Nearly 30 years ago, the late Edward Said brought out his most famous book, Orientalism (1978). Till then, Orientalism had been regarded as simply the branch of European scholarship focusing on the Middle East, North Africa and South Asia. But Said argued that it was, in fact, a highly politicized concept, the umbrella term for a kind of intellectual -- fostering racism, justifying Western interference in largely Muslim nations, and generally controlling how the West perceived the Middle East. It was, to use the now familiar academic catchphrase, a hegemonic discourse, reducing rich and vital cultures, peoples and religions to a set of patronizing stereotypes. As a scholarly discipline, Orientalism was rotten with bad faith or its students were the naive tools of a colonialist ideology.
The book proved wildly successful and made the young Said a star of the academy and of what has come to be called cultural studies. Indeed, Orientalism supported the central theoretical premise of many intellectuals at the time -- that the prejudices of dead white European males had utterly distorted and warped their scholarship, art, politics and human sympathies.
Robert Irwin, himself an Oxford-trained Arabist, doesn't buy this. He asserts in his introduction and argues in his penultimate chapter that Said's book, thinking and evidence are shoddy, unreliable and mean-spirited. The Columbia literary critic's attack on Orientalism, Irwin argues, maligns the lifework of admirable and deeply learned people, mocks a long, honorable tradition of scholarship, and plays fast and loose with the facts. Dangerous Knowledge is in part, then, Robert Irwin's riposte to Edward Said.
I say in part, because the bulk of this exhaustive, and somewhat exhausting, book consists of a solid history of Middle East scholarship from antiquity to the present. In format, it recalls Sandys's History of Classical Scholarship, being made up of a series of short biographies augmented by interpretive summaries of important research. Happily, Irwin's clean, clear prose -- he is a novelist as well as the Middle East editor for the Times Literary Supplement -- keeps the pages enjoyable as well as brisk. He explains the relevance of major textual discoveries and translations, lingers affectionately over the eccentrics, madmen and giants of the field, points out everyone's ideological or religious affiliations, and deploys with ease and grace a vast amount of reading and research. Irwin has, to use his own highest accolade, tried to get things right.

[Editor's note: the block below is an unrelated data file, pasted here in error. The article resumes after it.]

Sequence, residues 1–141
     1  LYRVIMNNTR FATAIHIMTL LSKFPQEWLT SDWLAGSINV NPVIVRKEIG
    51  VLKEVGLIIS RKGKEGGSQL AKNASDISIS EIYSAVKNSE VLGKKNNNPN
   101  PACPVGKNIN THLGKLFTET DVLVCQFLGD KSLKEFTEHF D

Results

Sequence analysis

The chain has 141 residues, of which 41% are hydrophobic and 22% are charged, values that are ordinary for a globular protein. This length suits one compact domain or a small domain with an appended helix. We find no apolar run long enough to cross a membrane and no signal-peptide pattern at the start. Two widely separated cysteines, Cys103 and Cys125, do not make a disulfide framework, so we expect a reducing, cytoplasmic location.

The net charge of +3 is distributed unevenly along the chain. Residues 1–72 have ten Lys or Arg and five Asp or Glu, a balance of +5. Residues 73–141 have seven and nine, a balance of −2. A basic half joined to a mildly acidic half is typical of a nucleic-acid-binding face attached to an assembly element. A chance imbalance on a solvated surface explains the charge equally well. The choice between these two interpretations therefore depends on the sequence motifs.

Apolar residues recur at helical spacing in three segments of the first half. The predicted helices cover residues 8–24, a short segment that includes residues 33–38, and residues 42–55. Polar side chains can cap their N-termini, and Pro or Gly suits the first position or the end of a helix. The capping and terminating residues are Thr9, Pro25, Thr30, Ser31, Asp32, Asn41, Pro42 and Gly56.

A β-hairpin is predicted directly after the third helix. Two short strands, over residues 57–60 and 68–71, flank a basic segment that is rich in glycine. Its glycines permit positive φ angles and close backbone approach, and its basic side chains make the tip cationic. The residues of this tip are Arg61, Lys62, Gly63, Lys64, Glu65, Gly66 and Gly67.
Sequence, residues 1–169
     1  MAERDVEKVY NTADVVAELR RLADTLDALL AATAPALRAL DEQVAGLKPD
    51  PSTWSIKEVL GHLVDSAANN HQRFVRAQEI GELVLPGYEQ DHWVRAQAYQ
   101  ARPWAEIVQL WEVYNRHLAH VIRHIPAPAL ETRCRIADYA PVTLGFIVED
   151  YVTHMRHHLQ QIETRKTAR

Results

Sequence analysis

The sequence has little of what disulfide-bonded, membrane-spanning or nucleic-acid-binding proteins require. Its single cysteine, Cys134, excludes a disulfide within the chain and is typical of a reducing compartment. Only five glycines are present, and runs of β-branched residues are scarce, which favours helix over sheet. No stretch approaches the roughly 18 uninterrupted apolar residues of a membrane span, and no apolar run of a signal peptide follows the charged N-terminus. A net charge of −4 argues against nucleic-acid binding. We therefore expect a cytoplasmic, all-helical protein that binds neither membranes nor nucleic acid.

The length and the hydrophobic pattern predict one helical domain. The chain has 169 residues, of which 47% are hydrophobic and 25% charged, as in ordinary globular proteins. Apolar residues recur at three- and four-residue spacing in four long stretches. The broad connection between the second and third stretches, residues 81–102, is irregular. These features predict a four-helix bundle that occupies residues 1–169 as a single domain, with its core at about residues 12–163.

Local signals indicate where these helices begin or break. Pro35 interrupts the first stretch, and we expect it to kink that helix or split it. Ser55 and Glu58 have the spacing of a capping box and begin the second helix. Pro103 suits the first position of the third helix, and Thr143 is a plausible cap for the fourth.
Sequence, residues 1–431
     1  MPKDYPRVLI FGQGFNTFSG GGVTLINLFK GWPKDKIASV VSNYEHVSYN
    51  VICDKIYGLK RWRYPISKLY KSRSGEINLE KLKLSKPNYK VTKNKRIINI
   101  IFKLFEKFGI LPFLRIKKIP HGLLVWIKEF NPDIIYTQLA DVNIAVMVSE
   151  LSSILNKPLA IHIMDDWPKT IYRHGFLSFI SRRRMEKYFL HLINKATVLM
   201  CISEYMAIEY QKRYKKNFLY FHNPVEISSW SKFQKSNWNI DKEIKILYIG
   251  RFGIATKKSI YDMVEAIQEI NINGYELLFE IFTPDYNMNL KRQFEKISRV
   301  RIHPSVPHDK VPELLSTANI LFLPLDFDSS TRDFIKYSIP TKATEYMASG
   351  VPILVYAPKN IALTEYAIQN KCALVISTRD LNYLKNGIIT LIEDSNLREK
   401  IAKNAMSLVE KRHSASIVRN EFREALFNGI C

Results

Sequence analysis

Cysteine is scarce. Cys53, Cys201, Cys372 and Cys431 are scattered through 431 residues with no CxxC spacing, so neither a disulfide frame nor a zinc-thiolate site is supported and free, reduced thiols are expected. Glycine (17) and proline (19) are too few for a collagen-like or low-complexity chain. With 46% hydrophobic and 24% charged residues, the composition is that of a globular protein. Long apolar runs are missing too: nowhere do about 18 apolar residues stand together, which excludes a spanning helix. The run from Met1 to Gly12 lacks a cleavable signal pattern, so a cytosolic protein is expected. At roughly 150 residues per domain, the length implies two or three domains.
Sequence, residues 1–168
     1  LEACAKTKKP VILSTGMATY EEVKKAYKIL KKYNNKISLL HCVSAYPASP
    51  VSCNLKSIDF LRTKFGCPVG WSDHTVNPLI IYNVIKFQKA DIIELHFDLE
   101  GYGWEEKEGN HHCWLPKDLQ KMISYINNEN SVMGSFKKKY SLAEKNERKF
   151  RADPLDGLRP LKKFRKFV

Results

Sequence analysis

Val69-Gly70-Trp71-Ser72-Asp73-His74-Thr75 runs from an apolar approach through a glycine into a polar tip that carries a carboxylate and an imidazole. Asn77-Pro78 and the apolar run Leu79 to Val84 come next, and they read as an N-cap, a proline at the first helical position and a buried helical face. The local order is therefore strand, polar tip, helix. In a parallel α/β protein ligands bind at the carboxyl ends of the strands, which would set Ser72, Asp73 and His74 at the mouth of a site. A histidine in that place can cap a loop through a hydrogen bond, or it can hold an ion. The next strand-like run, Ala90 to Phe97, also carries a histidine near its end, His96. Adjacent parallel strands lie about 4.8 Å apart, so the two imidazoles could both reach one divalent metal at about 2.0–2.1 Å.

Dangerous Knowledge is appropriately full of knowledge, carefully presented. In antiquity, for instance, the culture of the Middle East wasn't regarded by outsiders as a wholly alien "Other": Aeschylus' "The Persians" sympathetically portrays the empire that only seven years previous had tried to conquer Greece; the Roman emperor Philip was an Arab; Islam was often regarded as just a variant of the Arian heresy (which denied the divinity of Christ). During the Middle Ages, Arabic texts introduced Euclid's mathematics to the West. Avicenna and Averroes were major interpreters of Aristotle. Moorish Spain was a center of unrivalled learning. As for the Crusades, well, the sultan of Egypt sarcastically observed that he was surprised "that Christian Crusaders should seek to imitate the violent ways of Muhammad, rather than the peaceful preaching of Christ and his Apostles."
Irwin doesn't fudge harsh truths. In Europe during the Middle Ages, an interest in the Koran could get you branded as a crypto-Muslim and earn you a prison sentence. European travel tales really did portray the East as a land of marvels and romance and magic and sensuality. At first, Europeans studied Arabic just to better understand the cultural background of the Bible. Between the Renaissance and the 19th century, European classical scholarship and Biblical studies usually provided the structural model for Orientalist research. While westerners often respected Arabs for their culture and science, they frequently thought Turks to be "the barbarous descendants of the Scythians."
We learn that Guillaume Postel (1510-81) was the first true Orientalist, as well a "complete lunatic." (For one thing, he believed a woman he met in Venice was the mystical Shekhinah, or divine presence, of the Kabbalah, as well as the New Eve.) Barthélémy d'Herbelot (1625-95), compiler of the Bibliothèque orientale, and Antoine Galland (1646-1715), translator of The Thousand and One Nights, were "the first Orientalists to take a serious interest in the secular literature of the Middle East." Edward Gibbon wanted to study Arabic at Oxford, but no one there could teach it to him. Ibn Khaldun's 14th-century historico-philosophical masterwork, The Muqaddimah, speculated about the cyclical rise and fall of civilizations in ways that anticipate or influenced Gibbon, Giambattista Vico, Oswald Spengler and Arnold Toynbee.